Cellular ATP energy metabolism and regulation are essential for brain function and health. Given the high ATP expenditure at resting-state, it is not yet clear how the human brain at working-state can effectively regulate ATP production to meet higher energy requirement. Through quantitative measurement of regional cerebral ATP production rates and associated neurophysiological parameters in human visual cortex at rest and during visual stimulation, we found significant stimulus-induced and highly correlated neuroenergetic changes, indicating distinctive and complementary roles of the ATP synthesis reactions in supporting evoked neuronal activity and maintaining ATP homeostasis. We also uncovered large individual variances in the neuroenergetic responses and significant reductions in intracellular [H + ] and free [Mg 2+ ] during the stimulation. These results provide new insights into the mechanism underlying the brain ATP energy regulation and present a sensitive and much-needed neuroimaging tool for quantitatively assessing neuroenergetic state in healthy and diseased human brain.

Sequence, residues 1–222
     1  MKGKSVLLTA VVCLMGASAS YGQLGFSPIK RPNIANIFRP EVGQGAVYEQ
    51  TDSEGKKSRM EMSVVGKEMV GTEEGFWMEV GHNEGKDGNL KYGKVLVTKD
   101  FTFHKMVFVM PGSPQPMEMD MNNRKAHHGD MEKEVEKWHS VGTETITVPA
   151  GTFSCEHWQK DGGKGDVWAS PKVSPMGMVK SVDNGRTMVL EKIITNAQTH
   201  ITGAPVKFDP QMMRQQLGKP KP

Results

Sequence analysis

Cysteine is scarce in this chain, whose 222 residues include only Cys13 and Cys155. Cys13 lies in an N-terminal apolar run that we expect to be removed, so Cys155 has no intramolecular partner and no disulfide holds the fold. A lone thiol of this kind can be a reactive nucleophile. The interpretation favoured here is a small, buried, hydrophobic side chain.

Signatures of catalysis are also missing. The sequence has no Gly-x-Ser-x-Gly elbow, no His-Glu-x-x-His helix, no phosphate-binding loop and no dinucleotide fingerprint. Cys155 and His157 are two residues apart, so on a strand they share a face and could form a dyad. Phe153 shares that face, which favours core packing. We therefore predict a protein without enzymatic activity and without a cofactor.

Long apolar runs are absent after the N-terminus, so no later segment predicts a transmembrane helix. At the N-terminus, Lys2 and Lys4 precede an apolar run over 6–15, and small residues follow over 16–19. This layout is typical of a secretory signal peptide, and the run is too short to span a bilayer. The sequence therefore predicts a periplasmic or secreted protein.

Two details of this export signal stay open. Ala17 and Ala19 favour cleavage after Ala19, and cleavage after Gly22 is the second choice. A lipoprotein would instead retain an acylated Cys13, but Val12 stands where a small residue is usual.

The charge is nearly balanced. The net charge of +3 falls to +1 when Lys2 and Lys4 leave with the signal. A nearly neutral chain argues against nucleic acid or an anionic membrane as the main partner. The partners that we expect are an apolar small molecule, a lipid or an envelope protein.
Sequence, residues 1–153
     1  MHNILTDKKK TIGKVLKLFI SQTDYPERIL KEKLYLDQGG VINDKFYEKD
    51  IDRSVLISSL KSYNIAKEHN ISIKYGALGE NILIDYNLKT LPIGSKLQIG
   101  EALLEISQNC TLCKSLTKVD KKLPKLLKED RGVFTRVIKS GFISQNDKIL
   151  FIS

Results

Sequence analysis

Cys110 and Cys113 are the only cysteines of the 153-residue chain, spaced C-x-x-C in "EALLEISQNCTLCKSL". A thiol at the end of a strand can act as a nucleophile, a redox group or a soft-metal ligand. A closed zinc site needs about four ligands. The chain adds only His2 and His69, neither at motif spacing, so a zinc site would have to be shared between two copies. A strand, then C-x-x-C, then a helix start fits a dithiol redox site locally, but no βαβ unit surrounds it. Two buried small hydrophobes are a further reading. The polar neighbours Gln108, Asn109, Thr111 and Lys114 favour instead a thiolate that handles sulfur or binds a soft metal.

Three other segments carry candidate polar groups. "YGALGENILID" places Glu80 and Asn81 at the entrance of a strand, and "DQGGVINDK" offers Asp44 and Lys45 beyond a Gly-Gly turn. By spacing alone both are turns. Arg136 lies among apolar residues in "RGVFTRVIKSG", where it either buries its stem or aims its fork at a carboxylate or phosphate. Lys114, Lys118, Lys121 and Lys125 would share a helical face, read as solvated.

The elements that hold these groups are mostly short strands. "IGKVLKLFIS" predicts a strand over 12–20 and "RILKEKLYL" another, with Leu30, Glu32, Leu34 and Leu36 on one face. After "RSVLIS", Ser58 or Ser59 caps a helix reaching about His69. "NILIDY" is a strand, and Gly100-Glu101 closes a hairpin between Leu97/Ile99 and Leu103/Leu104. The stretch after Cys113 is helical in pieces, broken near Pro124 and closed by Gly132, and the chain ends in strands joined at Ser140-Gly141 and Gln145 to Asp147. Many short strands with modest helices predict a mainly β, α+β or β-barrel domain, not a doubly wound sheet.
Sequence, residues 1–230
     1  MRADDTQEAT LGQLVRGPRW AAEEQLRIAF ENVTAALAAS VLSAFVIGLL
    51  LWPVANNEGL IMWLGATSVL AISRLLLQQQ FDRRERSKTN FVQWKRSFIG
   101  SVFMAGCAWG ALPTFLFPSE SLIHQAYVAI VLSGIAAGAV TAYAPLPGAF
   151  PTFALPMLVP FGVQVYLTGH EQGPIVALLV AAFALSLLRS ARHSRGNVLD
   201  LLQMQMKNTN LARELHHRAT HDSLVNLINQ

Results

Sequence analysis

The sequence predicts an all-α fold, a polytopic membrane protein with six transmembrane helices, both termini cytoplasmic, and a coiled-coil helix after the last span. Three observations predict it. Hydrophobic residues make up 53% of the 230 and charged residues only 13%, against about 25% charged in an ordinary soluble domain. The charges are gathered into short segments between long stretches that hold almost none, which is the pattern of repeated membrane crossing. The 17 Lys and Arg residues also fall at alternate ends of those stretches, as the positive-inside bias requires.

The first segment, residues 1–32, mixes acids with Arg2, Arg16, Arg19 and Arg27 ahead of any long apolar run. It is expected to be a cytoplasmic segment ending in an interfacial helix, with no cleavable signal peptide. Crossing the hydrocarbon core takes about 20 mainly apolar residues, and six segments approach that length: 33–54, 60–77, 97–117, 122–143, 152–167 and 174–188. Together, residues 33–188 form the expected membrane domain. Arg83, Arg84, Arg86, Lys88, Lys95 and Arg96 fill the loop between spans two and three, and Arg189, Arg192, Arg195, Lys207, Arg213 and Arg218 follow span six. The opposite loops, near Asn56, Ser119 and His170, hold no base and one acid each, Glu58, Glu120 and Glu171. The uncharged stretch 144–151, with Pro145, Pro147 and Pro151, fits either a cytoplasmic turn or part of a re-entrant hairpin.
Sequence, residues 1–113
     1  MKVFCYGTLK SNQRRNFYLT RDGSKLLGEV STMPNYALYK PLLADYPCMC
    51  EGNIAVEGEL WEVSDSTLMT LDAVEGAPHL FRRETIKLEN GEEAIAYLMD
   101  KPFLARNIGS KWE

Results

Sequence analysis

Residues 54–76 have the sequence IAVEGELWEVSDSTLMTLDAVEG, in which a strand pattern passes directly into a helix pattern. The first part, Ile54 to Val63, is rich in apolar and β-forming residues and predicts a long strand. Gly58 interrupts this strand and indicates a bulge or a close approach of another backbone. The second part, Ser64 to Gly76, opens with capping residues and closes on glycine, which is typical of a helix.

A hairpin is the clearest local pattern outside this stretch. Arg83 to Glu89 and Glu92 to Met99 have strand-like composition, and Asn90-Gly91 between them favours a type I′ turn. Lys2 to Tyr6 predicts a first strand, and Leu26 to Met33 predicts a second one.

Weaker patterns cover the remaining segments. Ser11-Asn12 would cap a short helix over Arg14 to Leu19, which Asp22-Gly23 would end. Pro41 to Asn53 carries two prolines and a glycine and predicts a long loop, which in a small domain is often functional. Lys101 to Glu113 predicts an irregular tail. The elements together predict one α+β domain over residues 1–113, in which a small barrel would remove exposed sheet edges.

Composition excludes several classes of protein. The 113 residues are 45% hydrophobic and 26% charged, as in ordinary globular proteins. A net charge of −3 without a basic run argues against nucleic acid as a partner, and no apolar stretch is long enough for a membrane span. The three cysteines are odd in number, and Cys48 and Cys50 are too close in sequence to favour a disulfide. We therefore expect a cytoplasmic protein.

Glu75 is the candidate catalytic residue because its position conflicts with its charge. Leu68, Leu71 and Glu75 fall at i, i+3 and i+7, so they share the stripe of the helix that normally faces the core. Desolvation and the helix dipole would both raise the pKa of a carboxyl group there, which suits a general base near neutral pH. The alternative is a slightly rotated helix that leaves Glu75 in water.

Bibliographical noteFunding Information:
The authors disclosed receipt of the following financial support for the research, authorship, and/or publication of this article: This work was supported in part by NIH grants: R01 NS041262, NS057560, NS070839 and MH111413, R24 MH106049, P41 EB015894, P30 NS5076408; and the W.M. Keck Foundation.
- Cellular adenosine triphosphate energy metabolism
- functional neuroenergetic response
- human brain
- in vivo P-MT imaging approach
- visual stimulation